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what is ‘faith’?

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What does the word “faith” conjure up for you? Many associate it with religiosity. Yet according to etymology online the word didn’t enter religious discourse until the mid-1300s: rooted in Old French to mean “duty of fulfilling one’s trust,” it comes from the Latin fidere “to trust.” 

What got me excited about the faith word is reading a book by Sharon Salzberg, a senior meditation teacher in the Theravada (Vipassana) tradition, in which she “strips away negative conceptions that dismiss faith as being divisive or requiring blind adherence to a belief system” (from the liner notes). Her own spiritual practice continues to evolve and I’m reassured to see my ups and downs validated by someone so experienced.  

Early on the spiritual path, Salzberg writes, practitioners undergo bright faith, where “we feel exalted as we are lifted out of our normal sense of insignificance, thrilled as we no longer feel lost and alone. … we act on our potential to transform our suffering and live in a different way” (p. 29). Over the years I’ve had moments of thrill and relief and now witness similar excitement in our sitting group.

Somewhere along the way bright faith morphs into verifying faith. “For our faith to mature,” says Salzberg, “we need to weigh what others tell us against our own experience of the truth. We need to honor ourselves enough to rely on our own experience more than on the experiences of others” (p. 47). This rings true for me. After working in adult education for most of my adult life, I believe that (most) adults prefer self-directed and experiential learning.

Such a background is a mixed blessing for me. I thrive when held responsible for my thoughts and actions and believe that True Nature resides within each of us. At the same time, I’m still wrestling with dogma, ritual, and the don’t-ask-just-do style of instruction customary in Zen centres.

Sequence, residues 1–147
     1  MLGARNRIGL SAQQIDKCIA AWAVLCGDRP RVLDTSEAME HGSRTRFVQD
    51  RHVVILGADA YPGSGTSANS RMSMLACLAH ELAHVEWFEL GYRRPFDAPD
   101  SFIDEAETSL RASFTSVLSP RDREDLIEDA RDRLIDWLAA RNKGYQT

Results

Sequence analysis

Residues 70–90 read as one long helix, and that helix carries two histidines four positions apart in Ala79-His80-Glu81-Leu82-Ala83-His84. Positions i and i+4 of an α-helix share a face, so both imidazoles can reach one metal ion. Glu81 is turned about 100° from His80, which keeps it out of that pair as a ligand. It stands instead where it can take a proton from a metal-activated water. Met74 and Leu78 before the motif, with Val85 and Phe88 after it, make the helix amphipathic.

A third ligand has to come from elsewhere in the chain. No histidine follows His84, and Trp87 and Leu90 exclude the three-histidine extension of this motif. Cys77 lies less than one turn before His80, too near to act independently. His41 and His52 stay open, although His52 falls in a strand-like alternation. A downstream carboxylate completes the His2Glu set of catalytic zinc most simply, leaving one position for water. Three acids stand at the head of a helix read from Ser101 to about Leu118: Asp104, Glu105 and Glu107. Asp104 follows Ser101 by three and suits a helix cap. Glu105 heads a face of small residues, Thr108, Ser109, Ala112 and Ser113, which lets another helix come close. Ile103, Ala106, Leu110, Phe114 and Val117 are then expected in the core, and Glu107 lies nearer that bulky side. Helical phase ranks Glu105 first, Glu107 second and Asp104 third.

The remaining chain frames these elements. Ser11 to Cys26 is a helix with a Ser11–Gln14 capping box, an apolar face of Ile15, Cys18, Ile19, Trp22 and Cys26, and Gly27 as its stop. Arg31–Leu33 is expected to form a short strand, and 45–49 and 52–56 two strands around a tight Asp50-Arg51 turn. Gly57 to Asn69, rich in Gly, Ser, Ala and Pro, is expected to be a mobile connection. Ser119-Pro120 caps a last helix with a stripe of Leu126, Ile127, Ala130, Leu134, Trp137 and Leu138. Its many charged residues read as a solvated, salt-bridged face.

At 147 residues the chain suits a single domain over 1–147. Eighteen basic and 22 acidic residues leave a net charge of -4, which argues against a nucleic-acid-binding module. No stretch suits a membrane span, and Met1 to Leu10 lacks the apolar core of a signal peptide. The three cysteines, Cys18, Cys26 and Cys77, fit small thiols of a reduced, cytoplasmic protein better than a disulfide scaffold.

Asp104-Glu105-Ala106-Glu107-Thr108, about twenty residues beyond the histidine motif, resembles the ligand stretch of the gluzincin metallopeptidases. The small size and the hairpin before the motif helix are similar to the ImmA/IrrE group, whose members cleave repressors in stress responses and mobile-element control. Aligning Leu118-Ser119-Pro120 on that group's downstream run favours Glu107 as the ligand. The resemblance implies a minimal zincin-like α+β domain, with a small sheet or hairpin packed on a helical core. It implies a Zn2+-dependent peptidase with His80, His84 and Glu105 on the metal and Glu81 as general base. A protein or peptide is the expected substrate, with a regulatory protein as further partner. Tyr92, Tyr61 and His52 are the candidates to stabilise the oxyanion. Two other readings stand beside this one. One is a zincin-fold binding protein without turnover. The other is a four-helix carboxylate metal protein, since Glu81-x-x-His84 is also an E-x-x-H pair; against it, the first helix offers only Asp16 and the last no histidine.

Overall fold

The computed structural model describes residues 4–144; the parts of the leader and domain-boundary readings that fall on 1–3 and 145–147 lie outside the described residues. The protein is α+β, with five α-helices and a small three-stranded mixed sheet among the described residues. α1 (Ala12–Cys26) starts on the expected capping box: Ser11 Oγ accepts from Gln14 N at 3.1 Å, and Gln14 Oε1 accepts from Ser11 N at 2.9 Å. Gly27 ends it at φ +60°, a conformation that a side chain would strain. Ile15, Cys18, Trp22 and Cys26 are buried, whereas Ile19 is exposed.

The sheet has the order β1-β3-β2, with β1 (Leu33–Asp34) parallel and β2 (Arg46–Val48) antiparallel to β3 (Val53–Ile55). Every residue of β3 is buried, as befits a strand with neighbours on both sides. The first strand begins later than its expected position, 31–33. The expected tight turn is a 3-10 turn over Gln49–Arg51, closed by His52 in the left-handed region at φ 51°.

More on this as I work my way through this excellent book. Meanwhile a question for you: Does any of this resonate with you?

source: Salzberg, S. (2002). Faith: trusting your own deepest experience. New York: Riverhead Books. image:


2 responses »

  1. I cannot follow the “my way or the highway” method of instruction. I don’t know that others always have my best interests at heart and trust/faith in another person comes with experience; the kind of knowing that inspires faith takes time. I would make a horrible Zen Buddhist monk. I have always had a problem with believing in God or some higher power, much less having faith in it. It has taken me nearly 50 years to discover why: I was taught that God exists as a separate entity and the reality is there is nothing outside of ourselves. We are all manifestations of the higher power, the universal consciousness, God, or whatever we want to call the life force, spirit, source that creates existence. We are IN God; thus we are God, too. I don’t believe in the biblical God of my Catholic brainwashing nor do I think just because I am God, too, that I can perform miracles or judge another. I think those are manmade constructs developed to control people.

    Very thought-provoking ideas. Thanks.

  2. Faith is a gift
    Faith precedes understanding
    in the Life Death and Resurrection of Jesus Christ
    in poverty of spirit
    holding the question of yin and yang


    breathing in dying
    breathing out rising
    every breath
    all over again…


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